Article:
Posted on 11 December 2014
Over recent years, particularly during a tight economic climate, there has been a growing interest in effective and value-for-money practice across the public sector. In Wales, such interest has seen the setting up of the Public Policy Institute for Wales, the Wales Institute of Social and Economic Research, Data & Methods (WISERD, including WISERD Education) and the Wales Centre for Equity in Education (WCEE). The latter was established in 2013 by the University of Wales and University of Wales Trinity Saint David, as a national policy and applied research centre, dedicated to improving educational equity in Wales.
The need for such a Centre is clear given the prevailing inequities in Wales. Outside of London, Wales has the highest level of child poverty in the UK – affecting around 1 in 3 children. According to official Welsh government statistics, only one in four 15-year-olds entitled to free school meals (a common indicator of poverty) achieve expected standards compared with six out of 10 of their more affluent peers.
The Centre’s most recent research focuses on what schools in some of the most disadvantaged areas are doing to reduce the impact of poverty on pupils’ achievement. And we have found some good news. There are examples throughout Wales of schools and community partnerships that are making a big difference in narrowing the achievement gap. They share three key characteristics.
First, they are very well led. Leaders, at all levels, demonstrate a ‘no excuses’ attitude and the self-belief that they can make a significant difference to the educational outcomes achieved by every child. They use data to monitor performance and set realistic targets, hold high expectations (of staff and pupils) and succeed in creating a culture where all are valued.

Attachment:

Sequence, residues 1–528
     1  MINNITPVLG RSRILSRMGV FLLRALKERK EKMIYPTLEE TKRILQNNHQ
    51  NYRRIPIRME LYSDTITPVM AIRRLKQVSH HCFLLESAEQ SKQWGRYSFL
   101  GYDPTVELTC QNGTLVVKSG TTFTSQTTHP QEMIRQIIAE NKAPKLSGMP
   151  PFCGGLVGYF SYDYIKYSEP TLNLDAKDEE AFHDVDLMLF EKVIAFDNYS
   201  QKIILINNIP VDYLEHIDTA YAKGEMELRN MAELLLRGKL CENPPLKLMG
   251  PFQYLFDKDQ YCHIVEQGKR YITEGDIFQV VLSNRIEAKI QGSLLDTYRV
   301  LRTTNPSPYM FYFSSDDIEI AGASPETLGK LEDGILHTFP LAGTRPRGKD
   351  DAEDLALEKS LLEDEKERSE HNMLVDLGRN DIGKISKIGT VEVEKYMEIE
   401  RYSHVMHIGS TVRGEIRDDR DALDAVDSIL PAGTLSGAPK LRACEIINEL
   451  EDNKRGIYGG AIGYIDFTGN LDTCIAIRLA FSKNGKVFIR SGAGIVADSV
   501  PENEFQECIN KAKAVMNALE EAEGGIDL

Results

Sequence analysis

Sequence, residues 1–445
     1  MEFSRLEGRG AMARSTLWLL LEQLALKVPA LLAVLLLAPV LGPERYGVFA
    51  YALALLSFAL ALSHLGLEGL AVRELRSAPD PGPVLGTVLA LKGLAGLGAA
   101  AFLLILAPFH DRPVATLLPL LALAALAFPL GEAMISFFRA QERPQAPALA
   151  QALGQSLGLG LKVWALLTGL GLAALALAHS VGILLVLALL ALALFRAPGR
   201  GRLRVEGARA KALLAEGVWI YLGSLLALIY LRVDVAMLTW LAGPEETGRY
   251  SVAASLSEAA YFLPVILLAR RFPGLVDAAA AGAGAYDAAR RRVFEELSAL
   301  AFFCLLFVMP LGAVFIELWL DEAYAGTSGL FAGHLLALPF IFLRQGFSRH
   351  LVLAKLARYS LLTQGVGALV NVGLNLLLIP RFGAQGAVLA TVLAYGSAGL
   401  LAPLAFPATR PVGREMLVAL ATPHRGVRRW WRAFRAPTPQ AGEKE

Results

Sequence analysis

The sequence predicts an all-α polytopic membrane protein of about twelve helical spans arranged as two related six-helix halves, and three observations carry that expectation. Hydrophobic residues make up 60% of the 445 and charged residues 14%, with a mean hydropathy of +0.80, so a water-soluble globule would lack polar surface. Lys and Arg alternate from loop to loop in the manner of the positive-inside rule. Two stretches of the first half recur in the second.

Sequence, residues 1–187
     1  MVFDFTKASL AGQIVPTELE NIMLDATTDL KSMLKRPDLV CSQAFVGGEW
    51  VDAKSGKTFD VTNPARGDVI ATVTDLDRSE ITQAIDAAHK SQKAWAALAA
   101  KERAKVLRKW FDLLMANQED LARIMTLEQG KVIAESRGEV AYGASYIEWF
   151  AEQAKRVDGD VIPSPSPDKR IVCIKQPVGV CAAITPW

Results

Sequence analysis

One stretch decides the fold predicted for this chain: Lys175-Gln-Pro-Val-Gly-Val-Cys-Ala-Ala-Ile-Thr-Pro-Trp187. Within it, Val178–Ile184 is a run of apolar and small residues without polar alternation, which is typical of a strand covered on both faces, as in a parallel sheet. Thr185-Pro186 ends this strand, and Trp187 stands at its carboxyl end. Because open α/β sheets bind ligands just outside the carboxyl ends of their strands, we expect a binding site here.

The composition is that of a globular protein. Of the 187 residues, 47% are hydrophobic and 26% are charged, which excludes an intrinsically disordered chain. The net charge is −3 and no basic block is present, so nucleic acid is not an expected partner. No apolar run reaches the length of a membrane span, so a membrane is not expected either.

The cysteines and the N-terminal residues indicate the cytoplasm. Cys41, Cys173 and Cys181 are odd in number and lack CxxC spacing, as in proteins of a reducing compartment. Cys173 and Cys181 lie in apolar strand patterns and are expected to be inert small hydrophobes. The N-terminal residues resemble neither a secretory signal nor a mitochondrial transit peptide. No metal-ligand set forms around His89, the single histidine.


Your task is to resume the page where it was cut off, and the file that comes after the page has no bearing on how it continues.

Second, pupils are well taught. Teachers make lessons interesting, relevant and challenging. They are good role models and give clear feedback. The curriculum builds on what pupils already know and effective ‘catch-up’ support is given, where necessary, to strengthen basic skills of literacy and numeracy.
Third, strong ties are forged with parents and the wider community. This isn’t always easy. Some parents have negative attitudes to school, often borne out of their own experiences. We found that the effective schools break down barriers and worked with parents, on issues such as improving their own basic skills and their children’s attendance. They do simple things to celebrate success with parents, such as ringing home with good news about their children’s achievements so that parents do not automatically equate school contact with ‘a problem.’ Leaders also establish partnerships with businesses and others in the community to enrich pupils’ learning experiences. For example, at Ysgol Uwchradd Tywyn children benefit from events sponsored by the Rotary Club such as ‘Young Chef’ and ‘Young Musician of the Year.’
So there is good news. The case studies in our report clearly show others what can be done to reduce the effect of poverty on educational achievement.
Dr Russell Grigg
Executive Head of Research at the Wales Centre for Equity in Education
This article was published in the Western Mail on Thursday the 11th of December, 2014.
The Good News…What schools in Wales are doing to reduce the impact of poverty on pupils’ achievement is due to be published shortly and will be available on the Centre’s website.